• U.S. WTI crude oil was down by 0.04% to $46.55 per barrel
  • Brent crude oil was down by 0.64% to $51.09 per barrel

Severe risk aversion in Europe

Severe risk aversion is still the name of the game during the morning London session, since European equity indices took a major beating and were leaking red.

And practically all market analysts pinned the blame for the persistent risk-off vibes on earlier news about North Korea’s missile launch.

  • The pan-European FTSEurofirst 300 was down by 1.29% to 1,443.69
  • Germany’s DAX was down by 1.78% to 11,907.00
  • The blue-chip Euro Stoxx 50 was down by 1.49% to 3,373.50

U.S. equity futures were also in the red, hinting that the risk-off vibes may also spill into the U.S. session.

  • S&P 500 futures were down by 0.70 to 2,426.75
  • Nasdaq futures were down by 0.88% to 5,793.12

Major Market Mover(s):

CHF

The risk-off vibes from the earlier session refused to go away. And the main beneficiary of all that gloom and (literal) doom was the safe-haven Swissy since the Swissy was the one currency to rule them all during the session.

USD/CHF was down by 47 pips (-0.50%) to 0.9454, EUR/CHF was down by 34 pips (-0.30%) to 1.1384, GBP/CHF was down by 67 pips (-0.55%) to 1.2246

GBP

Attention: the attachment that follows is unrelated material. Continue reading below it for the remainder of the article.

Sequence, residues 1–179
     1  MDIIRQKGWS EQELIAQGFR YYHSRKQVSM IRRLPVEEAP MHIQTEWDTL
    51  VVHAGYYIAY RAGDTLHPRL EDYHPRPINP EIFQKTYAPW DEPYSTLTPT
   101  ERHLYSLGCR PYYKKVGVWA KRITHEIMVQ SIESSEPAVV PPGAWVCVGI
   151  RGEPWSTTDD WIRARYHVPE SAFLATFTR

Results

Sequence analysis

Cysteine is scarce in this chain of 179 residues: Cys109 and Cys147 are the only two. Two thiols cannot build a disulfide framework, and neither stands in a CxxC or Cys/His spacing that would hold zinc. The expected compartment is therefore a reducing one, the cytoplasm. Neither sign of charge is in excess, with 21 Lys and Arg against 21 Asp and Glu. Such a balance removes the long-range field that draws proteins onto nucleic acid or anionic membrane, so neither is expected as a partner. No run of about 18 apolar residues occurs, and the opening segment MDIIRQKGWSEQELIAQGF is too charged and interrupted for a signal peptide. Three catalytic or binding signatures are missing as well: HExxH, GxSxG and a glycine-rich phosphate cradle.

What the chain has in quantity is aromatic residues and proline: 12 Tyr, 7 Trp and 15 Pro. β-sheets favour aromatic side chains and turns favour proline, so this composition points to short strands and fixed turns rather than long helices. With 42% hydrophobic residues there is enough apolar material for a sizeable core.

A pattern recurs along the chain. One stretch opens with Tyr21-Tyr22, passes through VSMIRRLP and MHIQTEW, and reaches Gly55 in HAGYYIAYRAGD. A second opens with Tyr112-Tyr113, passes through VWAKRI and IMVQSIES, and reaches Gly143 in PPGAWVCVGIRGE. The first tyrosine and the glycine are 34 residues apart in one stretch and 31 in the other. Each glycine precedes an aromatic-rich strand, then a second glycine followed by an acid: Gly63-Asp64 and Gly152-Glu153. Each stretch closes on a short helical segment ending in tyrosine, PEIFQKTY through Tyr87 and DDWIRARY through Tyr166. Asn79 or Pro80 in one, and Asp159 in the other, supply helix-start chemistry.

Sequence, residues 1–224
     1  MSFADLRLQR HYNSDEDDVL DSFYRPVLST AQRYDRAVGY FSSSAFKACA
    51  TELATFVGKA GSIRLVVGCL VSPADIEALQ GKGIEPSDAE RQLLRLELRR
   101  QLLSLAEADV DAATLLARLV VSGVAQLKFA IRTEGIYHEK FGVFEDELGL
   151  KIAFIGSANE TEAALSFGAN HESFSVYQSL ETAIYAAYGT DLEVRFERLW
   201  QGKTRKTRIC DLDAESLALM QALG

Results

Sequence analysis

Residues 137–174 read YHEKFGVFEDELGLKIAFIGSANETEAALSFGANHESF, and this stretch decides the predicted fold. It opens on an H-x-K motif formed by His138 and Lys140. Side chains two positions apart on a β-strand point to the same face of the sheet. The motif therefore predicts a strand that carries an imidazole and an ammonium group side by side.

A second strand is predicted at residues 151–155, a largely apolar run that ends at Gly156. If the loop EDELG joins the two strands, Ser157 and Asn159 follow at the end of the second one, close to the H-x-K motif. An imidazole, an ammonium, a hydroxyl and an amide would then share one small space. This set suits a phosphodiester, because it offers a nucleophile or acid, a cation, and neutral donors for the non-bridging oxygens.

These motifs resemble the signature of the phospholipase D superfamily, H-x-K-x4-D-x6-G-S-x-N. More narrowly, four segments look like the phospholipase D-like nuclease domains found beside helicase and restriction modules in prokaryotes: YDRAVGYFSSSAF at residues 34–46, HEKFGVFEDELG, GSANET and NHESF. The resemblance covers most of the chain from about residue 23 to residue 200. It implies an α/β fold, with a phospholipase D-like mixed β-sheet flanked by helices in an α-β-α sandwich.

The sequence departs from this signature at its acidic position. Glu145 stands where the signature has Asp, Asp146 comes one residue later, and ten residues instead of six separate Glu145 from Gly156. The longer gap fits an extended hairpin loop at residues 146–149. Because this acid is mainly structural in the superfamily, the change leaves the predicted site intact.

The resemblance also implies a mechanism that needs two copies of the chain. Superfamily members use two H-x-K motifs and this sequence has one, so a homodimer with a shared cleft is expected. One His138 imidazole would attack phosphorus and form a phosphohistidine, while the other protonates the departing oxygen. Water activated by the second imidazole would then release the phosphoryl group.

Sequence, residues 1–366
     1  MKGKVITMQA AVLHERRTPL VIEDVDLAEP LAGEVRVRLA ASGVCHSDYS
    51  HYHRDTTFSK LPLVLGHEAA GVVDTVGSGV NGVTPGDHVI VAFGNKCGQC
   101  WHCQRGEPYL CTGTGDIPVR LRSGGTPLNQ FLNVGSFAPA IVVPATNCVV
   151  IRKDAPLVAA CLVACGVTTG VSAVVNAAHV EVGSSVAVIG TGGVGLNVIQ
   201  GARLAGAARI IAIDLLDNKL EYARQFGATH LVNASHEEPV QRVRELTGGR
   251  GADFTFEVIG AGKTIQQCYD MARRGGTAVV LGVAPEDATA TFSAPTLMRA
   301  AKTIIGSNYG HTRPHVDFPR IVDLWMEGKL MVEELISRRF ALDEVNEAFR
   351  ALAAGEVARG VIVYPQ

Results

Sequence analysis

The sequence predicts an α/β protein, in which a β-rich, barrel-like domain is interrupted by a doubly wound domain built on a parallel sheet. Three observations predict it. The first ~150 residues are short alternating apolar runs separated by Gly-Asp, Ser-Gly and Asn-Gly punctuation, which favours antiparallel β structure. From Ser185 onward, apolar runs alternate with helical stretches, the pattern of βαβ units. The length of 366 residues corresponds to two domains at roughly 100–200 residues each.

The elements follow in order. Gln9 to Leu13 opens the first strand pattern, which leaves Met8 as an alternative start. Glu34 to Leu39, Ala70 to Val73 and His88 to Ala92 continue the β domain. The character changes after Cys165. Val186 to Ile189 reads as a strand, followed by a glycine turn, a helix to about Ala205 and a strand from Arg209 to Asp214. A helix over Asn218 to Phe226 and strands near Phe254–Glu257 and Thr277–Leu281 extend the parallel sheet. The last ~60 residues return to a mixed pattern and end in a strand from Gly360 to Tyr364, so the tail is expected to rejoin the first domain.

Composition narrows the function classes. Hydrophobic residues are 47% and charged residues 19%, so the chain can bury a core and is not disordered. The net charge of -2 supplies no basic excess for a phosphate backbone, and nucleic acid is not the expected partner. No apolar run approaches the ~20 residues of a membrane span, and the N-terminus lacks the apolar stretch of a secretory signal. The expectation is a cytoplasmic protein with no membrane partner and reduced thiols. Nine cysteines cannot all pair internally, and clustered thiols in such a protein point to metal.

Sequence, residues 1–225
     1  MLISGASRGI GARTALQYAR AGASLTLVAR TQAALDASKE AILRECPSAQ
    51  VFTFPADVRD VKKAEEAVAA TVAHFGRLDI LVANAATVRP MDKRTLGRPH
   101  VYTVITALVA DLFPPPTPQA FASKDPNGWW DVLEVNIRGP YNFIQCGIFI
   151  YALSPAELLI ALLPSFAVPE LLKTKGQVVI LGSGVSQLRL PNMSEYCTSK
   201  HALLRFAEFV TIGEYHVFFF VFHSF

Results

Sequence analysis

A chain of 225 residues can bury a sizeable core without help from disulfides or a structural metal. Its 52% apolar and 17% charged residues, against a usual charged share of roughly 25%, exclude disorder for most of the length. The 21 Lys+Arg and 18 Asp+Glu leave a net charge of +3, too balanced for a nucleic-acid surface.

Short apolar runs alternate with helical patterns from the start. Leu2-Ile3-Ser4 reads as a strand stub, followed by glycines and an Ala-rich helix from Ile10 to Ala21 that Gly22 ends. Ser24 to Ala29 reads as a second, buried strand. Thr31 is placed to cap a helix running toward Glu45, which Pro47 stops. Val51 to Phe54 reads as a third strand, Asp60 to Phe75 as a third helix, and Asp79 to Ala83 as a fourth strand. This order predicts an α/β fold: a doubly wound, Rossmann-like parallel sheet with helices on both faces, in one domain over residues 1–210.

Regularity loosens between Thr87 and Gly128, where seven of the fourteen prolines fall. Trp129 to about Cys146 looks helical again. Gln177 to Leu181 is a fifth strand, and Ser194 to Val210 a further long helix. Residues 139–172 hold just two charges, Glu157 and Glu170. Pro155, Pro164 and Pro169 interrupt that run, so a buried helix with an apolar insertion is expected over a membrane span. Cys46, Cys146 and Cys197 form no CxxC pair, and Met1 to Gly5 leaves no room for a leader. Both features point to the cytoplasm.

The pound had a good start, despite the miss in Nationwide’s U.K. HPI readings. However, signs of selling pressure on the pound began to show when Juncker gave his piece.

This means that Juncker’s strong words likely reignited Brexit-related jitters since the pound’s weakness only intensified during the course of the session, with the end result being the pound’s dismal performance during the session. Well, it’s dismal only if you’re a pound bull.

GBP/USD was down by 7 pips (-0.05%) to 1.2953, GBP/AUD was down by 81 pips (-0.50%) to 1.6243, GBP/NZD was down by 119 pips (-0.67%) to 1.7768

AUD & NZD

The higher-yielding Kiwi and Aussie just shrugged off the risk-off vibes and even gave a Swissy a good fight, although both ultimately lost (during this session at least).

There were no direct catalysts for the two higher-yielding comdolls, but commodities were in rally mode during the session.

Other than that, global bond yields were plunging because of intense safe-haven demand for bonds, which improved the yield advantage of the Aussie and the Kiwi, and likely made them more attractive, despite the risk-off vibes.

AUD/USD was up by 36 pips (+0.46%) to 0.7974, AUD/JPY was up by 24 pips (+0.28%) to 86.58, AUD/CAD was up by 35 pips (+0.35%) to 0.9947

NZD/USD was up by 45 pips (+0.63%) to 0.7290, NZD/JPY was up by 35 pips (+0.44%) to 79.13, NZD/CAD was up by 47 pips (+0.52%) to 0.9092

Watch Out For:

  • 12:30 pm GMT: Canadian RMPI (-0.2% expected, -3.7% previous)
  • 12:30 pm GMT: Canadian IPPI (-0.7% expected, -1.0% previous)
  • 1:00 pm GMT: S&P Case-Shiller composite HPI y/y (5.6% expected, 5.7% previous)
  • 2:00 pm GMT: CB’s consumer confidence (120.9 expected, 121.1 previous)
  • 10:45 pm GMT: New Zealand’s building consents (-1.0% previous)